India also should fess up to the fact it suffers not from food deficits, but from managing surplus production generated by excessive FCI purchases. India has 80 million metric tons of rice and wheat in reserve, as of September 2013, straining its storage capacity and fertilising fears of dumping.
FCI purchases soared from $5.5 billion in 2003-2004 to $14 billion in 2012-2013, and averaged $14.6 billion annually in 2011-2014.
But, India must realise the truth these expenditures did not all qualify for the Green Box. A September 2011 report by DTB Associates (a Washington, D.C. agricultural consultant) says India exceeds its de minimis cap by between 3.5 and 5 times.
Solving The Food Fight
Some empathy, plus five technical reforms, can end the food fight.
- First, agree on a reasonable revision to the ERP, a midpoint between low and high commodity prices since 1986-88. No WTO member should be condemned forever by a 30-year old benchmark.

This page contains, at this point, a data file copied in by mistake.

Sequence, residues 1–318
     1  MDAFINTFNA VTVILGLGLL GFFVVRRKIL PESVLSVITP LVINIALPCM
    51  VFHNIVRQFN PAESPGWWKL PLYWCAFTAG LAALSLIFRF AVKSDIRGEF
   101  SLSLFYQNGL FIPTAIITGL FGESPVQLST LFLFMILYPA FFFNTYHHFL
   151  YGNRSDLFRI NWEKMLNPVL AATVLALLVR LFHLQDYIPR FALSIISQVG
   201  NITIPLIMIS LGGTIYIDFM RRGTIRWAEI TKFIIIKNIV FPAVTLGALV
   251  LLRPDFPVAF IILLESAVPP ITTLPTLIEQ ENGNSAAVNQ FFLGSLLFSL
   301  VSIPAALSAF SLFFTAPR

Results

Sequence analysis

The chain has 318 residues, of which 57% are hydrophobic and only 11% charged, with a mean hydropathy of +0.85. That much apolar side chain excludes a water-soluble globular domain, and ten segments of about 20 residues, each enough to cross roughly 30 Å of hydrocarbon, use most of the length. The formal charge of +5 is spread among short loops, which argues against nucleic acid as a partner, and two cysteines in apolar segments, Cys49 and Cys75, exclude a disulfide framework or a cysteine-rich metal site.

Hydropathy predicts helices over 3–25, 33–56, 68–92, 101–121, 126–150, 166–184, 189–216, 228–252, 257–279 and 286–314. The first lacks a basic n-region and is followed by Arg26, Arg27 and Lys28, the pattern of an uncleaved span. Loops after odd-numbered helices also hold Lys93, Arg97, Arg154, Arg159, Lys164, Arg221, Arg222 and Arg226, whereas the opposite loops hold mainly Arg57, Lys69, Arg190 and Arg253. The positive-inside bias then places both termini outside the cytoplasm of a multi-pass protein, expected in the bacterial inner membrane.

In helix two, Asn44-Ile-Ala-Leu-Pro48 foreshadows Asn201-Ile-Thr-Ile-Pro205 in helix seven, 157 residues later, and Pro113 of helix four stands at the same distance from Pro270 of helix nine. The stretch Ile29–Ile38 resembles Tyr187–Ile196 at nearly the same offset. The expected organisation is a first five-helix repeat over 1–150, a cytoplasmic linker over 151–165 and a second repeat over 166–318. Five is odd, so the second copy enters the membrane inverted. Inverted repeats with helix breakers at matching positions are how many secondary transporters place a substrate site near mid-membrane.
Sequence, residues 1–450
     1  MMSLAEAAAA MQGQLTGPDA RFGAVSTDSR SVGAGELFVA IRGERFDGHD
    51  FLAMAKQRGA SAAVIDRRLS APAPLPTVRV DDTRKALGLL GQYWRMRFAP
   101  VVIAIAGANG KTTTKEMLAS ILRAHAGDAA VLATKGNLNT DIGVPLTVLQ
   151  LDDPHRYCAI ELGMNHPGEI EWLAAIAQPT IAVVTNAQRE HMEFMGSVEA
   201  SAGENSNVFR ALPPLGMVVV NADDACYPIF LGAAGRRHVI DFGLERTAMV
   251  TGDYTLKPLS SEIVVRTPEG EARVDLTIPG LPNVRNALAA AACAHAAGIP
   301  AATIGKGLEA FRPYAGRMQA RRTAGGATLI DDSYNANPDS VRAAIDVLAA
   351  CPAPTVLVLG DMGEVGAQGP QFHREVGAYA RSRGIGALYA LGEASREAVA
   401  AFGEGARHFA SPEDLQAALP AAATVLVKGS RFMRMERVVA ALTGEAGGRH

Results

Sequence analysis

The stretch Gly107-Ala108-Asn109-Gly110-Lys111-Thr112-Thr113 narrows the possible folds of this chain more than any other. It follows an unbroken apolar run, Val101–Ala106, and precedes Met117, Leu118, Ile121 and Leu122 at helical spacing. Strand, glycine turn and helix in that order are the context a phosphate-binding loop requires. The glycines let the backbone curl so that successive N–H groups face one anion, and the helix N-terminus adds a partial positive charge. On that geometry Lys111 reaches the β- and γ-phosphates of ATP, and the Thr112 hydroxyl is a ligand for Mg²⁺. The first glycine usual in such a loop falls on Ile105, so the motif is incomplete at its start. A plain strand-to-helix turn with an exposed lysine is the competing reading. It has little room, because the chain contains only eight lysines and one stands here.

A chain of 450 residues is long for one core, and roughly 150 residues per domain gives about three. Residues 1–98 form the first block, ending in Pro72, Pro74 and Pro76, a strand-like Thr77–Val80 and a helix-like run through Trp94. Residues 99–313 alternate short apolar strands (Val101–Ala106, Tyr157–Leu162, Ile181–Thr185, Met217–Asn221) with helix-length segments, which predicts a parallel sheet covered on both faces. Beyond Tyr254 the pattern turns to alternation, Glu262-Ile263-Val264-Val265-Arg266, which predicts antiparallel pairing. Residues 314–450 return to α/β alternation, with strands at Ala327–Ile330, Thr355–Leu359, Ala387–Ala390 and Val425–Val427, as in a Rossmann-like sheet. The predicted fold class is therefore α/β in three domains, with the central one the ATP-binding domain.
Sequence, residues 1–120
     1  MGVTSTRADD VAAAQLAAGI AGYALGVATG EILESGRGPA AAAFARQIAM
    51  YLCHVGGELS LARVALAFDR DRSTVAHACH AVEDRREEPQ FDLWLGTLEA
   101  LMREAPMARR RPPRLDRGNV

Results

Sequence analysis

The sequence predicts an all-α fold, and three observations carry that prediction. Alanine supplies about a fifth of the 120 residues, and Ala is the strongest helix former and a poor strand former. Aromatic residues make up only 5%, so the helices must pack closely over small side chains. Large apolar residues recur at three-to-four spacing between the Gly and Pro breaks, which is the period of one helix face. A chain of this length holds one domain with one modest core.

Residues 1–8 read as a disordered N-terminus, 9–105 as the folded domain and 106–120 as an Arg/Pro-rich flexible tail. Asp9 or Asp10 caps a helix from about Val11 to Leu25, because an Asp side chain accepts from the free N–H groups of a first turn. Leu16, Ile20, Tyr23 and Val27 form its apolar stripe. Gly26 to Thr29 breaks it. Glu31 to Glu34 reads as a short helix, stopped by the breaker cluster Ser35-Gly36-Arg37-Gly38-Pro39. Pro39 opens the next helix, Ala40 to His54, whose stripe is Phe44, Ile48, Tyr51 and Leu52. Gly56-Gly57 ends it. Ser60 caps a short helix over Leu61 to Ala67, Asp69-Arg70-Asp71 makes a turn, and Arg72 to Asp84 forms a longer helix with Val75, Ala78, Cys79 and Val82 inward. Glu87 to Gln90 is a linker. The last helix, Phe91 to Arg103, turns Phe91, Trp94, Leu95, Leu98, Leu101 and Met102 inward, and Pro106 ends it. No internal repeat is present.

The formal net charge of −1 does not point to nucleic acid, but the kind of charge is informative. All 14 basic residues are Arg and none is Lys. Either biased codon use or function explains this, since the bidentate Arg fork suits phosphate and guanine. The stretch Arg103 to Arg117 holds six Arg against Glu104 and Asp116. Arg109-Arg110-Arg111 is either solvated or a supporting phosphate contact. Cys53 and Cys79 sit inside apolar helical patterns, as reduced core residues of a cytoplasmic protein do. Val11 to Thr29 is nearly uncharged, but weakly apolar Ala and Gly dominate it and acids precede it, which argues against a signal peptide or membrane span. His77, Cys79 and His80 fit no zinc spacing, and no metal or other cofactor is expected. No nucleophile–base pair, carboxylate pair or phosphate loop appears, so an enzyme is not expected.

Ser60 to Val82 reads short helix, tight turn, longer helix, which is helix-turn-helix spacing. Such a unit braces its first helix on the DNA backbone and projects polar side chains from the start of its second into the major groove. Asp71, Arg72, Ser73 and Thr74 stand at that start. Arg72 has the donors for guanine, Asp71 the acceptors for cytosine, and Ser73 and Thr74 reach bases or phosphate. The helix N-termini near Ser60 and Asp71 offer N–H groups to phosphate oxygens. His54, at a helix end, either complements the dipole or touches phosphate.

- Second, agree to revise the ERP periodically, every 6 years to correspond with a Ministerial Conference. That will avoid future food fights.
- Third, agree on transparency rules public food stockpiling. No member should be allowed to spend billions on grains, yet block the sun from other members seeing if those expenditures distort world trade.
- Fourth, agree on graded sanctions for failing to report reliable food stockpiling programme data in a timely fashion. A rule without a remedy is just a suggestion.
- Fifth, help India with its infrastructure, through separate, bilateral deals. America investing even a third of the $100 billion China has committed to Pakistan would fertilise the label America planted last month — Indo-Pacific region.
If the WTO can’t help members eat, then the multilateral farm is bankrupt.
Raj Bhala is Associate Dean for International and Comparative Law and is the inaugural Leo S. Brenneisen Distinguished Professor, The University of Kansas, School of Law, and Senior Advisor to Dentons U.S. LLP. The views expressed here are his and do not necessarily represent the views of the State of Kansas or the University, or Dentons or any of its clients, and do not constitute legal advice.
The views expressed here are those of the author’s and do not necessarily represent the views of BloombergQuint or its editorial team.